With all the main designers moving to tri-Ace, it's no surprise their first game uses some very similar principles. Star Ocean uses tons of recorded voice and a real-time battle system, although it's one of the first "it plays itself" style games. Ditching Phantasia's side-scrolling view, fights take place across a large battlefield where characters automatically attack based on the player's menu options. At the time, this was probably super innovative, but nowadays it's Square Enix's status quo. Final Fantasy XIII's battles are a prime example, forcing the player to choose between different fighting styles and just watch everything automatically unfold. Not surprising that Final Fantasy XIII's two sequels were developed in part by tri-Ace. 



            Expectations were astronomical coming into the game, and at first, I thought everything was alright. Great battle system, complex-ish skill development, cool digitized voices during fights, and some fairly interesting visuals peaked my interest. Unfortunately, early on, the games awful storyline managed to ruin much of the enjoyment.

            The game features two scenarios, although I'm sure they're largely the same. Claude is in the space military because he does whatever Commodore daddy tells him to, and Rena is part of a mystical race with special powers. Of course, they've got a budding romance thing that EVERY CHARACTER has to comment on or allude to in the first five hours of the game, and they're ALWAYS embarrassed by the implication. Here's a small thumbnail gallery of examples:






            It's obnoxious, and it doesn't get any better as the game goes on. Later, the game tries to shoehorn in a bunch of pop-psychology crap about the tension between Claude and his father. Perhaps the most striking scene is near the beginning of the second disc, where we delve deep into Claude's brain and uncover this: 


            How do I react to these decadently pixelated close-ups? Was this what developers had in mind when they created sprite scaling and rotation effects?


            Who writes this crap? Who does this appeal to? Embarrassed that someone might think you have a boyfriend? Shouting at your super-pixelated father? Perhaps the girlfriend-less, twelve-year-old me could relate to it. Crotchety old me doesn't.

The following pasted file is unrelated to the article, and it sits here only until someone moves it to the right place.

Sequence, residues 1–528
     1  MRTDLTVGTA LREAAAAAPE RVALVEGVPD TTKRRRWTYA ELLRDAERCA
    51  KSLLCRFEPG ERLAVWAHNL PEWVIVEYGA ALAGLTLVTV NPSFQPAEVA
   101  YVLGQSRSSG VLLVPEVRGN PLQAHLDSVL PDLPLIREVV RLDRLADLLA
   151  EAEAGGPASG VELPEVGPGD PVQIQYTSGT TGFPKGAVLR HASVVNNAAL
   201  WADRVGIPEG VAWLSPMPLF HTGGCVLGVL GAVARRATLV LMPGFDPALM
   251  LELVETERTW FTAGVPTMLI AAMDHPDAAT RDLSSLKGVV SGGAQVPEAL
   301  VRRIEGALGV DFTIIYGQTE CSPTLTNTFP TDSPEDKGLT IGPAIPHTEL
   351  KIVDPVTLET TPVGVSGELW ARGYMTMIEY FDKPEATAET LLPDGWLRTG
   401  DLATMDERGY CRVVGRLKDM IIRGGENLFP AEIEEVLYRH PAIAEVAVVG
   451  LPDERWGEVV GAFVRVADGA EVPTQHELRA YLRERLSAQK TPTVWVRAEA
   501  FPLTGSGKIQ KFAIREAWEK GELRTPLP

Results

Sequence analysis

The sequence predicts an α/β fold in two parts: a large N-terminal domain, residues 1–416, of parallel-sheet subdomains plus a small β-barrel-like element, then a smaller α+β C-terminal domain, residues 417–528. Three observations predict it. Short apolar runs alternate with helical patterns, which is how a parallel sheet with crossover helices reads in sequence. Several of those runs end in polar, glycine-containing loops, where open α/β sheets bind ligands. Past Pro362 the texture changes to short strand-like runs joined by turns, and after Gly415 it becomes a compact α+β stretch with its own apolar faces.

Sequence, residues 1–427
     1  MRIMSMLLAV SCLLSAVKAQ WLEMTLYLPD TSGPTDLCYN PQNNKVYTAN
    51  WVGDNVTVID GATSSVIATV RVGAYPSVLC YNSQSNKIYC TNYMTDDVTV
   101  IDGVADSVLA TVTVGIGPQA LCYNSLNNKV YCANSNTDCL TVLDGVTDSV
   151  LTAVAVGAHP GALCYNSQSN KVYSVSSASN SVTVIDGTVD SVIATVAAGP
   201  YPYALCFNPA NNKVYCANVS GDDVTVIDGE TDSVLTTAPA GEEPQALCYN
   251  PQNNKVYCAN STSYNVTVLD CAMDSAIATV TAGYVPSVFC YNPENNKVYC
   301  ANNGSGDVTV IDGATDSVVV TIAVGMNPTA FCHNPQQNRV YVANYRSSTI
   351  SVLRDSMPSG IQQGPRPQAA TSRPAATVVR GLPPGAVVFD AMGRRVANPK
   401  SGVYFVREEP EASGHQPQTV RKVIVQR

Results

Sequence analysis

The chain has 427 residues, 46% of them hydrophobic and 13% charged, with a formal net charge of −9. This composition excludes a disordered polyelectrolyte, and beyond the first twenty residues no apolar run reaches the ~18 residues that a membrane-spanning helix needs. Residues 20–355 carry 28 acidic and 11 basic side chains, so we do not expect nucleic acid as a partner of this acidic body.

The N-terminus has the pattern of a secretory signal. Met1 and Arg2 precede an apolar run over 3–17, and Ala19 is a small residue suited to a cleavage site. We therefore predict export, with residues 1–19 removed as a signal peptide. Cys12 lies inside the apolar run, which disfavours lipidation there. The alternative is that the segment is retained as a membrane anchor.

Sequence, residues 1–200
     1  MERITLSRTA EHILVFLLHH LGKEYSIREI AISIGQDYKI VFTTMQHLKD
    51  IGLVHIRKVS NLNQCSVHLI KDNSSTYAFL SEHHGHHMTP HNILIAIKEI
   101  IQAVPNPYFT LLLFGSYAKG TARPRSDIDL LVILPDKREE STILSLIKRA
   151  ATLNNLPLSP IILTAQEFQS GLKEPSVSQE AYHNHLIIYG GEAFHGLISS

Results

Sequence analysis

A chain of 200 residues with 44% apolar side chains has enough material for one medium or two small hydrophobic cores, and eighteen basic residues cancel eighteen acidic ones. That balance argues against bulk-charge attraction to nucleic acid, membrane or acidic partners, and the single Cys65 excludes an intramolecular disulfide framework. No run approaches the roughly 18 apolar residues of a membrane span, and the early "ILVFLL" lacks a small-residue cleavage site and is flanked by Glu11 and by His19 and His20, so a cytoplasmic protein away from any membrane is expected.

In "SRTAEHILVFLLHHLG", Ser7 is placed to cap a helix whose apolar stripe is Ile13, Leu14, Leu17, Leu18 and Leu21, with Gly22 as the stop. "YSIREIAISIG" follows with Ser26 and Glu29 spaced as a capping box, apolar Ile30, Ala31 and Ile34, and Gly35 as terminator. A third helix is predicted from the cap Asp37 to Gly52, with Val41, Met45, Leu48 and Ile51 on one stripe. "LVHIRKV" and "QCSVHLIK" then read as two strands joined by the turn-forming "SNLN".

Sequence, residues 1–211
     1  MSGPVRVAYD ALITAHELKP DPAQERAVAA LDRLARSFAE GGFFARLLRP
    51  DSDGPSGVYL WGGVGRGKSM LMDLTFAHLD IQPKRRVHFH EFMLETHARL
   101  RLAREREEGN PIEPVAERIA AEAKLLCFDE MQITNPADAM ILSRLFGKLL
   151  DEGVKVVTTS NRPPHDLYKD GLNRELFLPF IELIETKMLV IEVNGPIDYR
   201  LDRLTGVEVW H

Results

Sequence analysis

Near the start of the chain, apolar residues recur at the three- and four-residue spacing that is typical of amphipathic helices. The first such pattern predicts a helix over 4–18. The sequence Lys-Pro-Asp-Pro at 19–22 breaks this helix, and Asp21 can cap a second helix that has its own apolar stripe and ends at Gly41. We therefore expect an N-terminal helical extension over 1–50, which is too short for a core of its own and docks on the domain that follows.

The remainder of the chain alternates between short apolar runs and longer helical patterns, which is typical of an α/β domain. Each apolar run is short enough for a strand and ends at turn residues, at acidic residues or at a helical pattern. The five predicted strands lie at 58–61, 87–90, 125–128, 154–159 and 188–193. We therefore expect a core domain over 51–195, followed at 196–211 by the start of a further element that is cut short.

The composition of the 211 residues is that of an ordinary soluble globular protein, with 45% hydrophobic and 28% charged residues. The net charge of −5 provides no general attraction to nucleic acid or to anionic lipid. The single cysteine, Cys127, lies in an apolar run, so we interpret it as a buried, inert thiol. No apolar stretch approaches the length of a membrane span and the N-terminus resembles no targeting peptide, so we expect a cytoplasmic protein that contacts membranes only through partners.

Even more trashy are the CG cutscenes. This strange pink Elvis demon looks even worse than pixel-face dad. I understand that Final Fantasy VII had a ton of awesome cutscenes, but those were integrated in fun and interesting ways. Here, there's just four random cutscenes that mostly look like trash.


            It's unfair to say any game is bad just because the story sucks, but Star Ocean's dialogue is so verbose and the cutscenes are so long that it totally ruins the experience. Do I really have to know what everybody thinks of each other? Do I really have to wade through twenty lines of dialogue about how cute a character is or general "how's everything going?" type deals. I don't mind the thirty second spell cast animations, but why do I have to know what everyone's thinking at all times?


            All of this functions to wear down the player, forcing them to endure hours of wordy garbage to go through the occasional dungeon. Perhaps the second biggest problem was no effort on the games part to explain the smithing or crafting aspects of the game. The only time I actually needed hyper-powerful weapons was the last two bosses, which is just plain rude. 

            And the eighty different endings? My one sucked. The characters just talk some more until the game ends. So much for playing the game seventy-nine more times.